Meanwhile, the lowland anoa (Bubalus depressicornis), found in Sulawesi is inhabited on mangrove, beach, reverie, lowland, and lower mountain forests (Mustari, 1995), and they are known to feed on grasses, ferns, saplings, palm,

* To whom correspondence should be addressed.

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24 MANGROVES BIO-PROSPECTS AND ANIMAL FOOD SOURCE

ginger, herbs, fruit, and marsh and aquatic plants (Popenoe, 1981; Nowak, 1999). However, little information is known regarding foods and preference habitat of lowland anoas in mangrove forest.

Mangrove forest at RAWN Park is one the most fascinating protected forests in Southeast Sulawesi, Indonesia due to its high mangrove diversity and presence of threatened and endemic animal of anoas as of their footprints are found in several mangroves stands of Lumnitzera racemosa and Ceriops sp.

(Analuddin et al., 2013). The mangroves of

Lumnitzera racemosa and Ceriops spp are dominant near the land site (Analuddin et al., 2013) and might become habitat and potential food source for endemic animal of Bubalus sp. There is a lack information regarding the supporting ability of mangrove forest as habitat of endemic animal also commonly known as Anoa (Bubalus sp.) till now.

Population of anoas is on threat status due to habitat destruction and land conversion to agriculture as well hunting, and therefore, the prevention of habitat loss at key sites, and determination of the status of remaining populations are needed (Burton et al., 2005). Meanwhile, Sutherland (1996) suggested the important data of population size as a function of environmental change and habitat disturbance to predict the longterm persistence of animal populations. Previous study of anoas in South East Sulawesi showed that population densities were approximated about 0.9 and 1.1 anoas/km² in Tanjung Peropa and Tanjung Amolengo Wildlife Reserves (Mustari 2003). Nevertheless, estimation of anoas abundance is difficult although previous studies about estimation population sizes of anoas were done by using line transects and camera trapping (Mustari 2003, Riley et al., 2001a, b).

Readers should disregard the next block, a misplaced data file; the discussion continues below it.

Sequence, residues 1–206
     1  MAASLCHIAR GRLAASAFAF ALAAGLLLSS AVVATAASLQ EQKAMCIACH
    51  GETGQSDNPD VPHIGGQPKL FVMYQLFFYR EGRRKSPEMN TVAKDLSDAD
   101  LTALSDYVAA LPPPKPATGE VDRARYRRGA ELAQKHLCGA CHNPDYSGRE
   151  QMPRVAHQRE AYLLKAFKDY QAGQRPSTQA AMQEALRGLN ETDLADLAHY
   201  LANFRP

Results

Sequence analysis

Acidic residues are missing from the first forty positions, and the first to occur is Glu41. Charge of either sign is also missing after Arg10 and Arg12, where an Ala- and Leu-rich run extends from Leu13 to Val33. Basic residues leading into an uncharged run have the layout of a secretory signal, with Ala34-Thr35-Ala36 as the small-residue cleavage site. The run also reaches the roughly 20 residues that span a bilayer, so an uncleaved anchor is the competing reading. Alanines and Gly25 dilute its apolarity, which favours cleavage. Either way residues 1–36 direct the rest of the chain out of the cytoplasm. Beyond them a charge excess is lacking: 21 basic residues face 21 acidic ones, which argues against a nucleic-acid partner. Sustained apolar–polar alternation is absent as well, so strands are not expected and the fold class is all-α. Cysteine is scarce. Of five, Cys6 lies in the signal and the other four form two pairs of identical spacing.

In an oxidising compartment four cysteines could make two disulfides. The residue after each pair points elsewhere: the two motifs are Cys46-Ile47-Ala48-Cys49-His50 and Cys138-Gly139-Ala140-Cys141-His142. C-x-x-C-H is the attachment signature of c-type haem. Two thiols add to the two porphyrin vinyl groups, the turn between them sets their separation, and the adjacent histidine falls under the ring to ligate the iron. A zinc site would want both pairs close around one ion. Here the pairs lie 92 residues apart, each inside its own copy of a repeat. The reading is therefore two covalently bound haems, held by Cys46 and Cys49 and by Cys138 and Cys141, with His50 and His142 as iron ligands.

However, Dierenfeld (1997) argued that for zoo management and species conservation that it is important to know what kind of diet of anoas should receive in captivity because their nutrition contributes to their health status and reproductive success. Thus, scientific information concerning the bioprospect of mangroves as habitat and food sources of anoas are essential for conservation and management strategies of mangroves and habitat of endemic lowland anoas in Rawa Aopa Watumohai National Park and its surrounding areas. Therefore, the objectives of this study were to elucidate the antioxidants and nutrition content including anthocyanin, alkaloid, tannin and vitamin C on mangroves leaves, and to improve the strategy for management of mangroves forest and endemic animal of lowland anoas in RAWN Park, South East Sulawesi.

MATERIALS AND METHODS

Study site

This study was carried out in Rawa Aopa Watumohai National Park (RAWN Park), Southeast Sulawesi, Indonesia (03°50’S, 122°30’E, Fig. 1, RAWN Park, 2011). The mangroves in RAWN Park provided excellent site for studying mangroves antioxidant production and mangroves function as habitat for lowland anoas where Lumnitzera racemosa, Ceriops tagal and Ceriops decandra showed good growing condition. The mangrove L.